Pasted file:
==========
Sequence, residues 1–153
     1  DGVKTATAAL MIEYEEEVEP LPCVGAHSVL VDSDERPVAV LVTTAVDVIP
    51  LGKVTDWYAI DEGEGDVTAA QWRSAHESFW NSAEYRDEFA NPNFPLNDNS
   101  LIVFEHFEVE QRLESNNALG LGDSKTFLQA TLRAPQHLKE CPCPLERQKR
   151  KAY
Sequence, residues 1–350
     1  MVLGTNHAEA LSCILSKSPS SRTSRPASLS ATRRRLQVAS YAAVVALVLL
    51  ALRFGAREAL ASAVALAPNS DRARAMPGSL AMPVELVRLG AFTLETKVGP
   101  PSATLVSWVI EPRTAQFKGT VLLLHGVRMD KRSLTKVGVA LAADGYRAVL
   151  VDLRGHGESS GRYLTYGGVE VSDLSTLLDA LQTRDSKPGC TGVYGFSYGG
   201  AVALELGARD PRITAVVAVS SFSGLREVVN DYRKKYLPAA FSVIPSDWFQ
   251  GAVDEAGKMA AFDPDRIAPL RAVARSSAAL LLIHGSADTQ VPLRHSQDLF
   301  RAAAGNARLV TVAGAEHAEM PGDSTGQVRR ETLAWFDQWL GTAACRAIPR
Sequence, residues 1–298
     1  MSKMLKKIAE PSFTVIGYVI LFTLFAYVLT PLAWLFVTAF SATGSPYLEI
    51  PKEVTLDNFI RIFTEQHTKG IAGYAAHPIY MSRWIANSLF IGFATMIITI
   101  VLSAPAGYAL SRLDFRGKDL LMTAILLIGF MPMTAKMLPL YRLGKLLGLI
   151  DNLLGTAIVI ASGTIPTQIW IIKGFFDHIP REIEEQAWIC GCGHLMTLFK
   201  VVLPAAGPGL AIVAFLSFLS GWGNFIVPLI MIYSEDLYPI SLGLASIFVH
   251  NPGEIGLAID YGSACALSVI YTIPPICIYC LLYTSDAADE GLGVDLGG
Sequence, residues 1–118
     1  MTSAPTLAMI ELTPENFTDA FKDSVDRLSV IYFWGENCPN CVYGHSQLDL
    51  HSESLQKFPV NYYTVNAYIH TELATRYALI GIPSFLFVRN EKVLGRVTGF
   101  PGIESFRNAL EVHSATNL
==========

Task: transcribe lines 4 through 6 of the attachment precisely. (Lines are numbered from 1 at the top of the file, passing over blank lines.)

   101  LIVFEHFEVE QRLESNNALG LGDSKTFLQA TLRAPQHLKE CPCPLERQKR
   151  KAY
Sequence, residues 1–350